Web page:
By Jennifer Lindgren

IRVING (CBSDFW.COM) – With more than 45,000 soldiers or airmen and nearly 9,000 civilians stationed at Fort Hood, there are many North Texas connections.

After the shooting, loved ones waited for phone calls or text messages with two words: I’m safe.

The call of duty took Private First Class James Standlee to Fort Hood one year ago.  His parents and sister back home in Ft. Worth say joining the military is what he always wanted to do with his life.

The hours the shooting lasted Wednesday afternoon, were some of the longest this family has experienced.

“On the radio they said, ‘One dead.’ My heart just instantly sank. I texted my brother, ‘Please tell me you’re okay,” said Caitlin Standlee, James’s sister.

The Standlees say their soldier was able to text them brief updates, but nothing more.

His father, Frank Standlee, thinks his son was just a couple blocks away from where the gunfire broke out.

“You just wonder what causes someone to do something like this. You think about what you could do to stop it, and you could come up with every suggestion in the world,” said Frank Standlee.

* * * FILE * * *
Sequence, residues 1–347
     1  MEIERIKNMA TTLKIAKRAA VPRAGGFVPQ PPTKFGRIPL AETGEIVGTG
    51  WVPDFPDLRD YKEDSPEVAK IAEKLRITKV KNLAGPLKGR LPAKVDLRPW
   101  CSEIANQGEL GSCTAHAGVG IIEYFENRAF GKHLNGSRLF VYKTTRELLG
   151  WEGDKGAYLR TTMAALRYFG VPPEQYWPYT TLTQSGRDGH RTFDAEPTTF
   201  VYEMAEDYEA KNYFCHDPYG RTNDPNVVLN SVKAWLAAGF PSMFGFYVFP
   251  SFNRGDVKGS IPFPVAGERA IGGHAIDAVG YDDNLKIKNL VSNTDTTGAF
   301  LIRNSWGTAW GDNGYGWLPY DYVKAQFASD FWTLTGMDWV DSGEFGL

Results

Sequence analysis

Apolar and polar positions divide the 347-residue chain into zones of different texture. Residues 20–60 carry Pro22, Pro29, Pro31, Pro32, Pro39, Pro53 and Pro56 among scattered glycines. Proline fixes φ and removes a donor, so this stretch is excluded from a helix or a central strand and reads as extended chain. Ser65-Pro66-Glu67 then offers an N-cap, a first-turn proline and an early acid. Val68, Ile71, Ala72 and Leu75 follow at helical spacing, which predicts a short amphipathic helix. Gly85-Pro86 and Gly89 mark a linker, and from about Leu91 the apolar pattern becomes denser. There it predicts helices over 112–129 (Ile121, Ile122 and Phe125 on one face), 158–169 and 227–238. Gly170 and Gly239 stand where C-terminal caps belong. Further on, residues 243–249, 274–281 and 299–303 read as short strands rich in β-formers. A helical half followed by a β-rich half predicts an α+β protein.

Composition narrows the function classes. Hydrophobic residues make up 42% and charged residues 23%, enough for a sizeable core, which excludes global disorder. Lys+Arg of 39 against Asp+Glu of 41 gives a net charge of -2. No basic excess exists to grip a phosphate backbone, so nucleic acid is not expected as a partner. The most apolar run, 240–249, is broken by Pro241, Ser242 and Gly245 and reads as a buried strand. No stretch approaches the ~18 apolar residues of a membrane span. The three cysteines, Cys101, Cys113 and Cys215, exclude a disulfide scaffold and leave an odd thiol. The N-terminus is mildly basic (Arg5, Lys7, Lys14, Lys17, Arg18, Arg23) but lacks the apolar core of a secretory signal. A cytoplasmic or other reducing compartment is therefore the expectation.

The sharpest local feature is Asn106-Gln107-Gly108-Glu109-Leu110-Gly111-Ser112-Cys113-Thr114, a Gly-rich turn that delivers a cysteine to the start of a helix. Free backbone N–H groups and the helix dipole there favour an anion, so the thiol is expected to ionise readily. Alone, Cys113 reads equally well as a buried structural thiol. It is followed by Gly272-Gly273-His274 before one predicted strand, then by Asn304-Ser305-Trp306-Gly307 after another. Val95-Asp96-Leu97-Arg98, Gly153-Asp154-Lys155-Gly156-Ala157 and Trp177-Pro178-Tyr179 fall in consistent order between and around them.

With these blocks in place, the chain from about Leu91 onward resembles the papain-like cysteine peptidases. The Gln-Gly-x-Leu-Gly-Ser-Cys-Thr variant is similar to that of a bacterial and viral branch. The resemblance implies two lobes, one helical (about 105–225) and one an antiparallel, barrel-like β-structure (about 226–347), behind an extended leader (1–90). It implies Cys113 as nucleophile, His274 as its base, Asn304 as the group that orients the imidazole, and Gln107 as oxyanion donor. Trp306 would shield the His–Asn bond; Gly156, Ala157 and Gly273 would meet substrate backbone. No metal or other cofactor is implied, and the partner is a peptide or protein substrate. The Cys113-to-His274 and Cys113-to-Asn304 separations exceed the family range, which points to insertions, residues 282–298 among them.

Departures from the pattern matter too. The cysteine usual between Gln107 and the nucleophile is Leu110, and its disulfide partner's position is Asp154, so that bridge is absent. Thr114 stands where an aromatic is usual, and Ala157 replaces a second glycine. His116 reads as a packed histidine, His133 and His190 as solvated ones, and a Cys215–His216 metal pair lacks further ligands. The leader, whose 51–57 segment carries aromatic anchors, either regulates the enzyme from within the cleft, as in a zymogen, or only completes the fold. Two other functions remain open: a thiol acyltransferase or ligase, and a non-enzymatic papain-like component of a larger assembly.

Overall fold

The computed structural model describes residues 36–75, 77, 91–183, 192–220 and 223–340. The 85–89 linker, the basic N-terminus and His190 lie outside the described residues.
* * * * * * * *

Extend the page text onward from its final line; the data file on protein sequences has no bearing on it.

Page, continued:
Around 7 p.m., Frank tried to call his son, and got an answer.

“He just said, ‘I can’t say much. We’re okay and I’ll call you later,” and Frank.

“I told him I loved him,” the father said.

Fort Hood is home not just to soldiers and post employees, but families.  James Standlee has a wife and baby, who were at home at the time of the shooting.

Late Wednesday night, Standlee’s family says he was finally able to go home to them.

“It’s still very scary. It makes you feel like you’re not safe anywhere,” said Cathey Standlee, Jame’s mother.

(©2014 CBS Local Media, a division of CBS Radio Inc. All Rights Reserved. This material may not be published, broadcast, rewritten, or redistributed.)

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